Naval Expert Who Served on a Battleship Told Us Why They Can't Make a Comeback

James Holmes

Key point: A youthful fleet will provide fewer opportunities to acculturate through vintage ships.

What was it like serving in USS Wisconsin, the Iowa-class battleship that now adorns the Norfolk, Virginia riverside as a maritime museum?

Well, it was life-changing for this junior officer in the late 1980s and early 1990s. I will never forget cruising across the Singing River in Pascagoula, Mississippi in my fire-engine red Honda CRX, and seeing the familiar shape of a battleship’s bow—familiar from old Victory at Sea episodes, and from visiting the USS Alabama museum growing up—heave into view for the first time against the backdrop of the Gulf of Mexico.

Wisconsin lay alongside a pier jutting out of the river’s east bank, home to Ingalls Shipbuilding. Ingalls shipwrights were resuscitating the ship after her thirty-year slumber at the Philadelphia Naval Shipyard. Wisconsin was a 58,000-ton behemoth boasting armor over a foot thick in places exposed to enemy gunfire; big guns capable of lofting projectiles weighing the same as a Volkswagen Bug over twenty miles; a family of guided missiles for assailing hostile fleets or shore targets hundreds of miles away; and a propulsion plant capable of keeping up with a fast aircraft-carrier task force.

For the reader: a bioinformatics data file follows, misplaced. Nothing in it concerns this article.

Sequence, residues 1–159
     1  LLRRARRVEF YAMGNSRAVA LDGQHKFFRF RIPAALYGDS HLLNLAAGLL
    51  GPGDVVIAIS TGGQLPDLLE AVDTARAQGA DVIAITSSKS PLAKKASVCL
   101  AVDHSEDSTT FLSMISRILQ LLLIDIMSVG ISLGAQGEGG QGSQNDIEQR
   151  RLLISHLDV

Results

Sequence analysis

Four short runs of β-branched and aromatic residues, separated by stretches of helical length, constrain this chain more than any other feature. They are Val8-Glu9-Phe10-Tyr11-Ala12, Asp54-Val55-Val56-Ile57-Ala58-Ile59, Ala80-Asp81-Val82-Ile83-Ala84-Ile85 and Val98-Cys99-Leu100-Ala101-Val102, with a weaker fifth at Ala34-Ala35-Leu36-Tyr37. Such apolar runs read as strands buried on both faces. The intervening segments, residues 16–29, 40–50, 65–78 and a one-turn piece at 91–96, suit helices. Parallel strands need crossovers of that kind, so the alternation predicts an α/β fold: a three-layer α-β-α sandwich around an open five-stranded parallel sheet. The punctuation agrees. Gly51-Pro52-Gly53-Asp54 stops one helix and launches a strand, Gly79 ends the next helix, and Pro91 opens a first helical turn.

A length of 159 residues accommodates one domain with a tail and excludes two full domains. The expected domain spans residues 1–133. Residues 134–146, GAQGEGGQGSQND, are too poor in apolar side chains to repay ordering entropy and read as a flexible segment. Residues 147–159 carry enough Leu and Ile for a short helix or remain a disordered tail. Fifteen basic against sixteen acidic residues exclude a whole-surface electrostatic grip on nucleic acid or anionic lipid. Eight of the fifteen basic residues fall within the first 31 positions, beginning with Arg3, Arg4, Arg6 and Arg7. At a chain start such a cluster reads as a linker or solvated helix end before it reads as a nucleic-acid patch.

But that’s just the outward stuff. However impressive, technical specifications cannot explain why ships command such affection from their crews, or admiration from landlubbers. In short, ships are more than just military capabilities. A “ship” is more than a hunk of steel that rides the bounding main. It is an expression of human ideas and history in steel. It’s a composite of materiel, human beings, and history. Therein lies its allure.

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